On the eve of the fifth anniversary of 9/11 we point you to a couple of interesting items in this linkfest.

Barry Ritholtz at the Big Picture has some pointed comments on the “excess” that has risen up around this year’s anniversary.

Michael Santoli at Barron’s touches on the question of whether the equity risk premium has permanently risen post-9/11.

Adam Warner at the Daily Options Report with another interesting weekend linkfest.

Mark Hulbert in the New York Times reviews a study that shows stock spam (sadly) works.

Brett Steenbarger at TraderFeed on what has changed in the past four months in the markets.

Jay Walker at the Confused Capitalist on a book that focuses on the importance of finding dividend-paying stocks “… that have a history of raising their dividends over time.”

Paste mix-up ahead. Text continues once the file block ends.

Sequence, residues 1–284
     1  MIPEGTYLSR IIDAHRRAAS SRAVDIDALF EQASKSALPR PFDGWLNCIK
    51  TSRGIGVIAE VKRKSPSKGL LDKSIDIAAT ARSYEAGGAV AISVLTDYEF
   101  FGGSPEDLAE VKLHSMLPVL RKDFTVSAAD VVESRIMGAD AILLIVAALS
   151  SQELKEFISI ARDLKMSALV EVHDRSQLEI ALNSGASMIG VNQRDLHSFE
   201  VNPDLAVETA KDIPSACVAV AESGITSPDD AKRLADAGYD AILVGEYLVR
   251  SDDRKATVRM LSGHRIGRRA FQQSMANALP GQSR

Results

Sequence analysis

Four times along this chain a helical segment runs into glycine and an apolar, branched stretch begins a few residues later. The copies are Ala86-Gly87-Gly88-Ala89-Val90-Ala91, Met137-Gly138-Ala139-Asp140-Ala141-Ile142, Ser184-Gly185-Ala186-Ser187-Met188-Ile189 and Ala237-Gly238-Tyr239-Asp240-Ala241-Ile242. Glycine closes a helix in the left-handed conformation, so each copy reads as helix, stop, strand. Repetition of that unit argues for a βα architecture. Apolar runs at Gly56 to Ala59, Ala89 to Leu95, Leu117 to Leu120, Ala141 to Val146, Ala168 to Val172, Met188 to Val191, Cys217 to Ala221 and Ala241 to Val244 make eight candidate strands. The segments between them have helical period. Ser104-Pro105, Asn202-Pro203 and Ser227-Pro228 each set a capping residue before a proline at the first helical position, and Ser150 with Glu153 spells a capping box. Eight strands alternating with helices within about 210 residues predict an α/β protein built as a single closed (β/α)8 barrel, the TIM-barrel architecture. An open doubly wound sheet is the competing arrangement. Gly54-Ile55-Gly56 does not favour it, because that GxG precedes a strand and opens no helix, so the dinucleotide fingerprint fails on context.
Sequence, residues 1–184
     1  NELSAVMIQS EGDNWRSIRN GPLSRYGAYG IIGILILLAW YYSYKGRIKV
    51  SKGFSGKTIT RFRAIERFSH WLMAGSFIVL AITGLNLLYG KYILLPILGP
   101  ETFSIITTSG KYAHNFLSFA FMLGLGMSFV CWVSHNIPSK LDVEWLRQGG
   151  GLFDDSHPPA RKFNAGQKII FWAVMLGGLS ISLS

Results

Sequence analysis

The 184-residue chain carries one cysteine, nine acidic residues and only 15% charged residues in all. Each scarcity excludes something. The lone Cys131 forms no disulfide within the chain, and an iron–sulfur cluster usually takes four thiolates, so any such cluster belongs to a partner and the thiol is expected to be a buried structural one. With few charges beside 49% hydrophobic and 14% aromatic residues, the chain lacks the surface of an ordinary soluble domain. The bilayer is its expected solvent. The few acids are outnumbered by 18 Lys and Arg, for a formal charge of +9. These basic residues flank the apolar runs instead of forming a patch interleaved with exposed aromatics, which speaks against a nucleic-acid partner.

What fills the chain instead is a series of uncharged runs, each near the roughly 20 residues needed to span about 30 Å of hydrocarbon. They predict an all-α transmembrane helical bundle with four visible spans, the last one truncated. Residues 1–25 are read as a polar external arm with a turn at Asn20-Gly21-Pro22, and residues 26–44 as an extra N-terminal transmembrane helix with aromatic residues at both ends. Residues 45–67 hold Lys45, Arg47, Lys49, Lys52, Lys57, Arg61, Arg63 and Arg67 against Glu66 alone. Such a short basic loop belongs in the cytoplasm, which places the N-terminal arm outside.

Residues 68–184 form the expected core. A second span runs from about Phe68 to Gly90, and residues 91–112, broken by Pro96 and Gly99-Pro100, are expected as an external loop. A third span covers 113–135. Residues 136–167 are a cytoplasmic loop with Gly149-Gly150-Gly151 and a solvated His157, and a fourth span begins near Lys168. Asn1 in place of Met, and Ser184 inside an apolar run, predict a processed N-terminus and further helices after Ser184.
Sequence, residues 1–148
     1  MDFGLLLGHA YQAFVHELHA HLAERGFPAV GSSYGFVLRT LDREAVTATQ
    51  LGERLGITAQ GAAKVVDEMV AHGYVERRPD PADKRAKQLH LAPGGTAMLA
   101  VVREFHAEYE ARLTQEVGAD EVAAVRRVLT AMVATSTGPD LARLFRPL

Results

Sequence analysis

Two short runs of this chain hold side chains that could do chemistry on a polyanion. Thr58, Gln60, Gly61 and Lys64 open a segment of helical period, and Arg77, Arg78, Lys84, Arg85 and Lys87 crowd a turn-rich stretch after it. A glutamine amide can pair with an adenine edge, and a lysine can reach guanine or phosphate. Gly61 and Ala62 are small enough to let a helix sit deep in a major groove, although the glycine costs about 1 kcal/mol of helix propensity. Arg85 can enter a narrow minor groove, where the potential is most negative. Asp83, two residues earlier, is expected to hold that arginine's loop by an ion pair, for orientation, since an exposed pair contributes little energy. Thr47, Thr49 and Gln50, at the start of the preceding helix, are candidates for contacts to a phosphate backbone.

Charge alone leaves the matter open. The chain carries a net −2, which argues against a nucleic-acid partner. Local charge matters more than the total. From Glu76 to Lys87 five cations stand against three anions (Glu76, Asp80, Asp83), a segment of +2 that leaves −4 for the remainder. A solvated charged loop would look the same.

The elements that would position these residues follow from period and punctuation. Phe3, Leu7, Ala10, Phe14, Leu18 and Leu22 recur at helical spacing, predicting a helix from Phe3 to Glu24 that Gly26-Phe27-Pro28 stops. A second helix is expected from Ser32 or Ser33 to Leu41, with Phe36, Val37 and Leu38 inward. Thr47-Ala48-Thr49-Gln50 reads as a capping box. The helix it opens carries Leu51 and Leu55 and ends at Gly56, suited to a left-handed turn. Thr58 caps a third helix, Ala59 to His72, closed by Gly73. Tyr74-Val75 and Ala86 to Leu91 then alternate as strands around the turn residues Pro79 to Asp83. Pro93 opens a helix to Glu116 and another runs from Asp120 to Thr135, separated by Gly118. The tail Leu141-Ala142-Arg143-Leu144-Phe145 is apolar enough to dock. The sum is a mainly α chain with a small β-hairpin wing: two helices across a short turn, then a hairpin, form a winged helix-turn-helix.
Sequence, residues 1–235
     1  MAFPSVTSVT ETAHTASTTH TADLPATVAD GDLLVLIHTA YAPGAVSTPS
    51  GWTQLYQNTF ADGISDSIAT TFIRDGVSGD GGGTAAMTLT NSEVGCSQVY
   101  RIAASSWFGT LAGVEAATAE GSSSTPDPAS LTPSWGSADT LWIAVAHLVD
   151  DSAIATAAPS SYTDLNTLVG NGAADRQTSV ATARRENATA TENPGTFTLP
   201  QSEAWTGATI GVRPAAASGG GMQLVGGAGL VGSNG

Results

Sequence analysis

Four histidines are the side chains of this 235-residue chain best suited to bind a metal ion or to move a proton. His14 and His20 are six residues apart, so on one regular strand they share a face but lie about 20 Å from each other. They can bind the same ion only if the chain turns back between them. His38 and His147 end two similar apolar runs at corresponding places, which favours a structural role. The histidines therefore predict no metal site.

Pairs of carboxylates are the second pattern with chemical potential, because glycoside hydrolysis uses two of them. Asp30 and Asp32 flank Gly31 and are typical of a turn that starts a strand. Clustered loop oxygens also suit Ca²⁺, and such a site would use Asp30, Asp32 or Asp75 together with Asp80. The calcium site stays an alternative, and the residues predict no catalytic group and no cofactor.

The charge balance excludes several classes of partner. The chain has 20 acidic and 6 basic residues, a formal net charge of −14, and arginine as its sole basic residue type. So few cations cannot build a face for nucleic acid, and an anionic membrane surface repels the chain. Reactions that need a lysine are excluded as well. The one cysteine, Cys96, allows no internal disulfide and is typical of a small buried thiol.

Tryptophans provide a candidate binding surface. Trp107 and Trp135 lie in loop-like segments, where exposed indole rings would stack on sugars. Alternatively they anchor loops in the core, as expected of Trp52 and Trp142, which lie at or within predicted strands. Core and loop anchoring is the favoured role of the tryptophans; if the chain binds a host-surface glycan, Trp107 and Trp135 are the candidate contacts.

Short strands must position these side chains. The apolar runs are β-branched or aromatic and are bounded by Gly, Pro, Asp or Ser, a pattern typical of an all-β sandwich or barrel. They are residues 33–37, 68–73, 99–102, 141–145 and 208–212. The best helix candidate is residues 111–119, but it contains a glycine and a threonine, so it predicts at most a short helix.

Jonathan Clements in the Wall Street Journal debunks the “magic” behind seven personal finance truisms.

Paul Kedrosky at Infectious Greed points to a paper that shows that many hedge funds exhibit style drift.

Andrew Ross Sorkin in the New York Times on how buyout talk has shifted towards “elephant” territory.

DealBook points to a story on how some hedge fund managers is transforming the way charities do business.

James Hamilton at Econbrowser on the (un)importance of this week’s announcement of a large oil field find in the Gulf of Mexico.

With all the talk about income inequality Greg Mankiw wonders who this elite 0.01% of the income distribution actually are?

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